Buzzing The Net - Junior Hockey

Niagara IceDogs’ undoing: Michael Houser, Hunter Hockey, fatigue and frustrationBy series' end, the pattern was predictable with the Niagara IceDogs. Move the puck fruitlessly around the perimeter of the London Knights' zone for long stretches, only to watch the London Knights score.

The more deserving Knights won the Ontario Hockey League championship on Friday, winning 2-1 to wrap up a 4-1 win. But the way the IceDogs' dream unravelled — the denouement was when playoff MVP Austin Watson poked in the first goal just minutes after Niagara's once-vaunted power play couldn't get near the net during a four-minute advantage even with London's shutdown defenceman Jarred Tinordi sitting in the box — will spawn no shortage of theories of why Niagara didn't get it done.

The IceDogs, in a matter of speaking, came in looking like they were too big to fail. Coach-GM Marty Williamson, with 18-year-old stars Ryan Strome (no goals, two assists, minus-6 in the series) and especially defenceman Dougie Hamilton perhaps likely to go to the NHL next season if there's no labour stoppage, built for this season. Niagara was 36-8 since their full lineup reconvened after the world junior, where five IceDogs wore the Maple Leaf for Canada. They had seven other NHL drafted picks and a prolific overage trio of Andrew Agozzino, Alex Friesen and David Pacan.

So how did something so good go bad so fast?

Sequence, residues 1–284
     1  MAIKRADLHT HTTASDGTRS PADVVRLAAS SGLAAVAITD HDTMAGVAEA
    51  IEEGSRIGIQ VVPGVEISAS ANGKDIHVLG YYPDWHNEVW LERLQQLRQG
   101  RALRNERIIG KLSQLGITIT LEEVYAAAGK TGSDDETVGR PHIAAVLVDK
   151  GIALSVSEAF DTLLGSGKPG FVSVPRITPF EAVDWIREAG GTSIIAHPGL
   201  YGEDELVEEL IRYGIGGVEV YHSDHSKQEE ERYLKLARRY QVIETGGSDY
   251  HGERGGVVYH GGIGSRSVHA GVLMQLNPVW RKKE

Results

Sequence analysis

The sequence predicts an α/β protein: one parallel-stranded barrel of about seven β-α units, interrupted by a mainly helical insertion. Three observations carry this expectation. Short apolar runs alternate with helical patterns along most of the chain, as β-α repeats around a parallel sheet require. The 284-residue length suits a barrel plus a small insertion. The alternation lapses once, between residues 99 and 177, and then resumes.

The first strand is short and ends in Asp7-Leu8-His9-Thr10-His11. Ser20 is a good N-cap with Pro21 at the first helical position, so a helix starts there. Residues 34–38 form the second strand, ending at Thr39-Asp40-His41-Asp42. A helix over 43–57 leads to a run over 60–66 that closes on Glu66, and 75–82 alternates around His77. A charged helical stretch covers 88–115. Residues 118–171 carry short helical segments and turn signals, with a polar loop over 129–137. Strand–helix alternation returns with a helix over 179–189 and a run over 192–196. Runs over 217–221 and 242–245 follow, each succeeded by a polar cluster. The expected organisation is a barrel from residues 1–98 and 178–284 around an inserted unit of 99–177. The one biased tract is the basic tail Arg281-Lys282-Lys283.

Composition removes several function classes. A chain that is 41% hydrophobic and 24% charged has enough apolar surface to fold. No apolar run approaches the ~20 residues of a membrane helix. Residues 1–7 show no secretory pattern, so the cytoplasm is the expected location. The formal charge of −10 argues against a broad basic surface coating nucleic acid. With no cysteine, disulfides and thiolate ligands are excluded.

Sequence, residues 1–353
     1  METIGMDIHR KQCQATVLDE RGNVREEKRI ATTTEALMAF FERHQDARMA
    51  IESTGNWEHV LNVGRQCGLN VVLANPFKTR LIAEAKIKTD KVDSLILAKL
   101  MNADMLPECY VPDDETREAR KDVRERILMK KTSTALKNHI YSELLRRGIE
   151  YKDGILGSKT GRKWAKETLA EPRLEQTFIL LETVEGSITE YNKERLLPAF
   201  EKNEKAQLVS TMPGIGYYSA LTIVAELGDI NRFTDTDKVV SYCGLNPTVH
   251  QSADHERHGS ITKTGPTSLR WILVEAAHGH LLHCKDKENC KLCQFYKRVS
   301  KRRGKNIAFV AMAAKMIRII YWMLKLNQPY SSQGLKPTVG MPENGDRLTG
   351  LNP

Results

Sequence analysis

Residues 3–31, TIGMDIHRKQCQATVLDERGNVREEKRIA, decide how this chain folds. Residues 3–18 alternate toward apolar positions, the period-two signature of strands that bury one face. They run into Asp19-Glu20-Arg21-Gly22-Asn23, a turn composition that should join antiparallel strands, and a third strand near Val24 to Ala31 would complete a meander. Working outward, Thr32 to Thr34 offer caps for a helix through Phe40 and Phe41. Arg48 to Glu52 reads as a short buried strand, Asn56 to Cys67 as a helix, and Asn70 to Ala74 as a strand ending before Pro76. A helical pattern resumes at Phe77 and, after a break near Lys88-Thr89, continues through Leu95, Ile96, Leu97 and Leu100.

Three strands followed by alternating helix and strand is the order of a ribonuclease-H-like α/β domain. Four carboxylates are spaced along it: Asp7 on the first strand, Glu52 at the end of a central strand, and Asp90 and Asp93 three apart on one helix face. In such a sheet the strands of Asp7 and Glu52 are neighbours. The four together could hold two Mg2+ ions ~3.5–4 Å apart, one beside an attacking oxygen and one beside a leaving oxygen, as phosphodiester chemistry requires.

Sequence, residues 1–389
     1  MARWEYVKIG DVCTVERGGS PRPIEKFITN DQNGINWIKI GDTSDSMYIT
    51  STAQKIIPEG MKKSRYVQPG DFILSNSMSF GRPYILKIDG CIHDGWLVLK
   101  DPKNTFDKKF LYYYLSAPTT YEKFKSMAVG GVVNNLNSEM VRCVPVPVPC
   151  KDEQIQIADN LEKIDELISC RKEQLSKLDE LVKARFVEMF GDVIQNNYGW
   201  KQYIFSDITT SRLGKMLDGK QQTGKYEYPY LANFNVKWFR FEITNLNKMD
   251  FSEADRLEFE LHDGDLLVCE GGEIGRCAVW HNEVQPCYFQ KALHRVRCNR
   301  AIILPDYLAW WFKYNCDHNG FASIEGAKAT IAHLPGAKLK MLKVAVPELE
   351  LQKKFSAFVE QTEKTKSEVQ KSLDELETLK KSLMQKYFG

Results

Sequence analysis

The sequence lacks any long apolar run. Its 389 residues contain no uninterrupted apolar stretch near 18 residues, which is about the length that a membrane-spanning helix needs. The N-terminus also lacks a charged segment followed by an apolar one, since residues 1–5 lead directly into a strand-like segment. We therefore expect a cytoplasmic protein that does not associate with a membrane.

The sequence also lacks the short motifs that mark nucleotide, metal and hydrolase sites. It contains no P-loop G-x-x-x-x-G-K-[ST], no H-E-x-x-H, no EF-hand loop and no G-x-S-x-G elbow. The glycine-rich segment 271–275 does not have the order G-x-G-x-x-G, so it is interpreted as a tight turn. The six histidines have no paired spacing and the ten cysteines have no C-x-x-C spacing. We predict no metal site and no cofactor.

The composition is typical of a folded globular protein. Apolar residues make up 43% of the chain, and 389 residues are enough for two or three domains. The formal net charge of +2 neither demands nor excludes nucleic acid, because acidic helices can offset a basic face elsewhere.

Some would put it down to the younger Knights being hungrier. Or evoke Mark Visentin's role in Canada falling short of the gold medal in the past two world junior championships — an interesting theory since Tinordi and Watson were respectively London's best forward and defender in the series. They were part of U.S. world junior which suffered the embarrassment of playing in the tourney's relegation round. So you throw one player's international track record in his face constantly and ignore others'? That's a little selective.

(Honestly, the player whose world junior experience was the most germane in this series was London's quietly awesome Scott Harrington. Team Canada's defence in Alberta was never the same after Harrington was knocked out with a shoulder injury against the U.S. on New Year's Eve. Harrington was a linchpin for London in this series and quite possibly the month he spent as teammates with Strome, Freddie Hamilton and Dougie Hamilton helped immensely with staying a move ahead of the IceDogs.)

Or they might label Williamson, whose Barrie Colts lost 4-0 to the Adam Henrique- and Taylor Hall-led Windsor Spitfires two seasons ago, as a coach who can't win the big one. That will be inevitable.

The reality is it's never one thing but a combination of several factors. London's triumph probably boiled down to four overarching factors.

Not just a hot goalie

For starters, Houser (1.82 average, .947 save percentage in the series) outplayed Visentin (2.75, .896) by a greater margin than reasonably anticipated. The London  goalie's stats don't do justice to his stolidity between the pipes. It is not just that Houser is proficient, it's that he seldom allows a second shot or loses track of a rebound.

London has much less reason to worry about whether he's on his game than even teams whose goalie has heard his name called on the NHL draft floor. One could count on one hand the number of times he appeared to have lost sight of the puck went after it hit him. Tom Kühnhackl's tally that gave Niagara hope of a third-period comeback tonight was one such rare instance.

Houser wasn't the whole series, but without him, does London coach-GM Mark Hunter's system succeed? The Knights were outshot 187-149 in the series which rounds off to 34-27 for a 60-minute game. The margin gets even wider when one factors just the shots Watson put himself in front of, never mind how many the Nashville Predators prospect's teammates blocked. London was able to pack defenders in tight around Houser and just let Niagara fire away to no avail.